Sample pieces for the different units are inside a cage along the queue for the register. If purchasing a personality chip, pick it out and bring it with when buying your droid. This avoids waiting in line twice and allows easy access to insert the chip while building.
On our first trip Elizabeth knew she wanted a BB unit and was hoping for one in purple. There are occasional part shortages, so before paying for our astromech we surveyed the parts conveyor belt.
Since we saw plenty of purple BB parts gliding by we completed our purchase. We’ve used this same process of peeking at the supplies before buying our droid each time.
Receive a parts basket after paying for your droid. This basket has a specific insert for each droid type indicating what parts are needed from the build station.
Step 2: Pick Out Your Droid Parts
Take your droid parts basket to the parts station conveyor belt which slides past with everything you need. Paired items, like the two half spheres for BB units or legs for R and C series, are taped together so you only need to grab one.
Although Droid Depot is incredibly busy I have never felt rushed through the droid part choosing process. Grab each of the parts needed off of the conveyor belt and place them in the basket.
We usually watch the belt for a full rotation, or two, before moving on to the building process to make sure we have the parts we like best.
Step 3: Build Your Custom Droid
After collecting all of your droid parts in the basket, cast members direct you to a building station. Building stations have Ikea-style step-by-step instructions for assembling the droids. At first the instructions seem daunting, but after starting the process it is pretty easy.
If you get stuck during the building process, push a button and a cast member will help. In our experience, we needed very little assistance to build our BB, R and C series astromechs.
Most pieces either click together or twist closed, but a handful of pieces are screwed together. Find electric screwdrivers attached to a cable at each droid building station.
Pro tip: If you have purchased a personality chip for your BB style droid it is best to install it during assembly. BB personality chips are inserted into the motivator which is inside the ball casing. Personality chip access is easier on R and C series droids with an easy-open panel on the front.
Step 4: Activate Your Custom Droid
After building your droid it is finally time to activate it. A technician places your droid in an activation pod where a basic controller is paired to your droid. The remote control is pretty basic with simple buttons to move the droid and make it “talk”.
Once the pairing is done, you push a button to complete activation of the droid. After a few seconds your custom built droid comes to life, and it is time to box it up.
Galaxy’s Edge Droid Depot provides a cardboard carrying box as part of your purchase price. The cardboard box has openings where you can see your droid interact all around Galaxy’s Edge.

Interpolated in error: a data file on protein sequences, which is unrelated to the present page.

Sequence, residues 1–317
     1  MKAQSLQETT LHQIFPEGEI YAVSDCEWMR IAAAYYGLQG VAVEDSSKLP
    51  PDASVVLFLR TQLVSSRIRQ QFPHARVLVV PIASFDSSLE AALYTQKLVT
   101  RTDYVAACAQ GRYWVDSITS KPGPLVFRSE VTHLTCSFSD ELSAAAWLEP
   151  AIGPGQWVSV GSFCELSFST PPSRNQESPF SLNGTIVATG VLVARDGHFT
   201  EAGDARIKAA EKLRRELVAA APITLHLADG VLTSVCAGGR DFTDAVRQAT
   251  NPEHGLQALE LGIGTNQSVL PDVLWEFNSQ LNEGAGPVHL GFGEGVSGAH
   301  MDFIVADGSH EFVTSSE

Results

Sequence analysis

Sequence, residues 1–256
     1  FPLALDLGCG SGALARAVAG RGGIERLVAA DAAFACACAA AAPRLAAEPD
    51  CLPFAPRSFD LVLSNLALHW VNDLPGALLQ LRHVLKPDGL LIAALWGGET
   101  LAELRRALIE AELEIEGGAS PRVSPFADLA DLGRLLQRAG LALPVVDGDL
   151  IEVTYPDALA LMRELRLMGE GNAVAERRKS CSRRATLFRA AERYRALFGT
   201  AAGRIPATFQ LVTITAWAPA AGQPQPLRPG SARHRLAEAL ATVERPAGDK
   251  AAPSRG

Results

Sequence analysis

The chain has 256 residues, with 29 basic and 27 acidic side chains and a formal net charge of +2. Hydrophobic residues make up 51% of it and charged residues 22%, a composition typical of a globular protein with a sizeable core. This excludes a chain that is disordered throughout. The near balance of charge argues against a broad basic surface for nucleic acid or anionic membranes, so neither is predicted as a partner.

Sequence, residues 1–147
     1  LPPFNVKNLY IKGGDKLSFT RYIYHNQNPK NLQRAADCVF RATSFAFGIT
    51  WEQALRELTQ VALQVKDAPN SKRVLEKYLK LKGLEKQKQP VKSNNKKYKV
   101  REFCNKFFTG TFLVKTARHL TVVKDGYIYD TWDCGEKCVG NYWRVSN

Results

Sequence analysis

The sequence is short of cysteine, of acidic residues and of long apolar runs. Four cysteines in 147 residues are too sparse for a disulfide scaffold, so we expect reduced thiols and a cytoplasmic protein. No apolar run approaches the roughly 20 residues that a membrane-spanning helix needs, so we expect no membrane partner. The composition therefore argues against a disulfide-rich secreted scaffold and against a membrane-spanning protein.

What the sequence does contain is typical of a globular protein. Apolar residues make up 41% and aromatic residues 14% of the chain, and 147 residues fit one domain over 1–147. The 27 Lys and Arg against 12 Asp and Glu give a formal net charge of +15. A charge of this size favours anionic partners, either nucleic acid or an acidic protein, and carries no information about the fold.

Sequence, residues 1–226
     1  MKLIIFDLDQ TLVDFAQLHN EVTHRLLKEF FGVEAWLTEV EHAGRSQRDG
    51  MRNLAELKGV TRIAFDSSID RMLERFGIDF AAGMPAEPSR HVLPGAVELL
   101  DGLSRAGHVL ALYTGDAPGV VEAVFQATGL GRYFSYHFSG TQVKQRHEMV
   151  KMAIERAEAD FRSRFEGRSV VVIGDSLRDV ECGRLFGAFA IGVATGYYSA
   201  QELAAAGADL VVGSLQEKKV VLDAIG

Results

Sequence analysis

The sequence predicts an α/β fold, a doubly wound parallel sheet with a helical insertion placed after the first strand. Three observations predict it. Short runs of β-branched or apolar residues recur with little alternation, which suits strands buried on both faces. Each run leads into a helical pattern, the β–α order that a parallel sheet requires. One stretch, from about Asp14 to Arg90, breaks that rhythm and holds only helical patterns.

How Much Does A Droid Depot Astromech Cost?
The price to build a droid is different depending on where you build it, but each of the droids are the same price by location.
Currently BB, R, and C series droids sell for $119.99 each at Disney World. Disneyland Droid Depot only charges $99.99 per droid. Additional accessories vary in price.
Unfortunately, there are no Annual Pass or Magic Key Pass discounts for Droid Depot.
Using Your Custom Droid In Galaxy’s Edge
Keep Your Droid Contained
Droid Depot custom droids cannot roll through Galaxy’s Edge, except for a designated play area around the depot. Droids must be inside the carrying box provided, the special Droid Depot backpack available for purchase, or otherwise secured.
The Droid Depot carrying box is an okay way to transport a BB, R, or C unit, especially if the specialty backpacks are sold out. The openings make it easy to see when our droid is talking or moving in response to something in Galaxy’s Edge.
However, the handle of the cardboard box is really uncomfortable. The cardboard feels sharp after carrying it for a while.
Part way into our first day at Galaxy’s Edge I found a low tech way to make the handle more comfortable. I simply wrapped a couple of napkins around the handle to cushion the rough edge. Although kind of ugly, it worked really well.
We also tried using a traditional backpack to walk BB through Galaxy’s Edge. The regular backpack was decidedly worse than using the provided carrying box from Droid Depot for BB. The BB unit head kept getting knocked off inside the Jansport backpack, and you could not tell when it was interacting with prompts inside Galaxy’s Edge.
Not surprisingly, the specialty Droid Depot backpacks are the most comfortable way to carry your astromech around Galaxy’s Edge.
The Droid Interactions Are Random
We always enjoy how our droids seem to chirp and move as we explore Galaxy’s Edge. At first we thought we knew when and where our droids would interact, but the longer we spend in Galaxy’s Edge the more we discover the interactions are not completely reproducible.